I hope this will spark even more discussion about security and RSS which will ultimately benefit users.


– Walter vonKoch


[Update 8/16] Peter Plamondon of SPI Dynamics provided the link to the paper itself in the comments.


[Update 8/17] As noted by Sean Kerner in the comments, the presentation was given by Bob Auger solo. I’ve correct the intro above. Thanks.

Comments (21)

  1. Federico says:

    "Also, text fields, like the title element, are treated as text and not as HTML, so HTML tags are entity encoded."

    I guess this does not apply to Atom 1.0 when atom:title[type="xhtml"] or atom:title[type="html"]. :)

  2. "I guess this does not apply to Atom 1.0 when atom:title[type="xhtml"] or atom:title[type="html"]."

    A good point that deserves some clarification:

    Atom 1.0 titles of type (X)HTML have all markup (script or otherwise) stripped out, and the remaining text is displayed.

  3. Sean Kerner says:

    The presentation you mention was only given by Robert Auger.

    Here’s my account of the event which i was at:

    http://www.internetnews.com/security/article.php/3624601

    Does the risk of users that still choose to use something like Bloglines directly still remain?

  4. peterpla says:

    See <http://www.spidynamics.com/assets/documents/HackingFeeds.pdf&gt; for the whitepaper "Feed Injection in Web 2.0 – Hacking RSS and Atom Feed Implementations" that was the basis for the Black Hat talk that Walter referenced.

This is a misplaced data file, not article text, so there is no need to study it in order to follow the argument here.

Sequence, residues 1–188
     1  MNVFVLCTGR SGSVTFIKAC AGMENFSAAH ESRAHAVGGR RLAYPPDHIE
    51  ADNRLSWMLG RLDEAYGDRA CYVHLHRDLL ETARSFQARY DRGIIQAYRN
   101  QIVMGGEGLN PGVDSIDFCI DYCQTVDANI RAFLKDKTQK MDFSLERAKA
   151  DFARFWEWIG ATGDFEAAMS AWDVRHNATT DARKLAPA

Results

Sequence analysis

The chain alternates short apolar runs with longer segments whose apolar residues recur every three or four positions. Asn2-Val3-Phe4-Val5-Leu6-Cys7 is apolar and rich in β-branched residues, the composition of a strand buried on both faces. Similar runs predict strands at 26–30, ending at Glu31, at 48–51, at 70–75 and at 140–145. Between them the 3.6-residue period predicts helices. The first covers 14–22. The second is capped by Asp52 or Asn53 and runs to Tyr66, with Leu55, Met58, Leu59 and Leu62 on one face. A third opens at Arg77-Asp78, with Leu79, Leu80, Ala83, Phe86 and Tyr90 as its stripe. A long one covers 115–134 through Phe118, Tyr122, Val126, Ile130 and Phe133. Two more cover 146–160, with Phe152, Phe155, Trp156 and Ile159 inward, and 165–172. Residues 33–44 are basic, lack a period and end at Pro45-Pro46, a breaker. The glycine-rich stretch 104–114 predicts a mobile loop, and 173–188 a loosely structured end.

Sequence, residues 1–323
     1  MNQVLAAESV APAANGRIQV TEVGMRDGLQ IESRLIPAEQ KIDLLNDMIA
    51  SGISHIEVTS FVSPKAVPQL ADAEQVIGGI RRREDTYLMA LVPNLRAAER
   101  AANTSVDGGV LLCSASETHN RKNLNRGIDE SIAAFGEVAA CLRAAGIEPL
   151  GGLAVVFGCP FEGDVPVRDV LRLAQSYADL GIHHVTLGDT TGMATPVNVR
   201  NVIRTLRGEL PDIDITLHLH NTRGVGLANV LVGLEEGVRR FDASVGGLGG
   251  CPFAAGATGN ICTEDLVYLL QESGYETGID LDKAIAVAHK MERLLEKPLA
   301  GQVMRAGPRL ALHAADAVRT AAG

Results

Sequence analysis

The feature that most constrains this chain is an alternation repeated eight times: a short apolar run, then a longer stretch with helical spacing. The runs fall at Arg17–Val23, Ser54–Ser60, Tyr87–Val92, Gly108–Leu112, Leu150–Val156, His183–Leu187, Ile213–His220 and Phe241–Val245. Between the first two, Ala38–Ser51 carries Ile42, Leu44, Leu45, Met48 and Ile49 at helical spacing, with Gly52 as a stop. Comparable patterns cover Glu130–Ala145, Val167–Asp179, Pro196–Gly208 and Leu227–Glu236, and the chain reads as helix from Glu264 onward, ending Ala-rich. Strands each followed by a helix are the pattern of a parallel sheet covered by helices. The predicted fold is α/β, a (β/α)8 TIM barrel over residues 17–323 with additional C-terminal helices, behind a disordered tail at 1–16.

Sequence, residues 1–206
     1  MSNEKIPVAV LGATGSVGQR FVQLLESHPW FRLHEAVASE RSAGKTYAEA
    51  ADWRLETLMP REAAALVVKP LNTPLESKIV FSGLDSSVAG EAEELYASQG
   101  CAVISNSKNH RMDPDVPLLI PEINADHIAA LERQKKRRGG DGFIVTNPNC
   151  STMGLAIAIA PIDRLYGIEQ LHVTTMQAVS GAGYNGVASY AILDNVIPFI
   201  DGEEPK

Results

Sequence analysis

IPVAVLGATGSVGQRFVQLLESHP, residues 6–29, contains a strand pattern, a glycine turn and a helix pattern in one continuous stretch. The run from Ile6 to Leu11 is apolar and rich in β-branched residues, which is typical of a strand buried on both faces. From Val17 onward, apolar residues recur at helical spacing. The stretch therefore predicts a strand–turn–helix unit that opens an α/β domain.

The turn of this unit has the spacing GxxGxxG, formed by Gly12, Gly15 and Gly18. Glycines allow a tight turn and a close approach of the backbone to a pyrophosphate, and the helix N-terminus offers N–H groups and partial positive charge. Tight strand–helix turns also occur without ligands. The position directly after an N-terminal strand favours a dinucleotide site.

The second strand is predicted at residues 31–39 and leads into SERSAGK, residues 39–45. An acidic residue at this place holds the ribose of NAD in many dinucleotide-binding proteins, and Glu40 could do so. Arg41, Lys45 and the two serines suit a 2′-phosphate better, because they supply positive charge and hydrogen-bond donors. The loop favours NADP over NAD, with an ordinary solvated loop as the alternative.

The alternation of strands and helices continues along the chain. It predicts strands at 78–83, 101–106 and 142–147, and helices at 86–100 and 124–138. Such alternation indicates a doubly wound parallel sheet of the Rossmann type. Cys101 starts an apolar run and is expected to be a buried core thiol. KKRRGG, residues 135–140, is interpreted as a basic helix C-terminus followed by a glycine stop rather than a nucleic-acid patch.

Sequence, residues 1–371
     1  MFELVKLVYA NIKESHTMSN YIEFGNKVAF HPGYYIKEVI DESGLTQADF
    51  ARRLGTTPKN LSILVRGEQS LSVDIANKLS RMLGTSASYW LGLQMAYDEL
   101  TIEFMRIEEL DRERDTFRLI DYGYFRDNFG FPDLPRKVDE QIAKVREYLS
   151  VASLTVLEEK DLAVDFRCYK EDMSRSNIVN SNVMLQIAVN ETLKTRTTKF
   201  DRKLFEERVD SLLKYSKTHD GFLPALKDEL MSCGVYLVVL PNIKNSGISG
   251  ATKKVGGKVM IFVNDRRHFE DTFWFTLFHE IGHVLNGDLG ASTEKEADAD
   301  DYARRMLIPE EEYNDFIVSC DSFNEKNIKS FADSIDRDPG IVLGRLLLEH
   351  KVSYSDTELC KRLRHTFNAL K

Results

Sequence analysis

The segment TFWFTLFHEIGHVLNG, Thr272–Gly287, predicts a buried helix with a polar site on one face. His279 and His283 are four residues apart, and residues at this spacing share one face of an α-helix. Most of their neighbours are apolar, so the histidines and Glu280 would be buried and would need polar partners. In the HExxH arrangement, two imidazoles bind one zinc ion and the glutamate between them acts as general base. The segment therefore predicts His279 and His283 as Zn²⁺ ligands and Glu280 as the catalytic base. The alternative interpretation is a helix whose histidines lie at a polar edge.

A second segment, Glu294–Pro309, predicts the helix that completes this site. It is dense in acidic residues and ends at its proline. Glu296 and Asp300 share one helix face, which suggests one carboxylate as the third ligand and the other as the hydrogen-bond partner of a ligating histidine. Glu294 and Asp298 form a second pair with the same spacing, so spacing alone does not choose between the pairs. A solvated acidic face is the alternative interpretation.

5. Removing all script elements is in conflict with the structured blogging [1] initiative because they use a script element to embed structured content into web pages and XML feeds. I think there will be a good chance that this initiative becomes important in the next month. So I hope developers won’t have to decide whether they use the Windows RSS platform or rely on the structured blogging approach but can use structured blogging within the Windows RSS platform.

    [1] http://www.structuredblogging.org

  6. Max R. says:

    Hello! Very interesting. Thank you.

  7. program says:

    Very good . You are doing a great job.

  8. Webdesign says:

    The presentation you mention was only given by Robert Auger.

    Here’s my account of the event which i was at:

    http://www.internetnews.com/security/article.php/3624601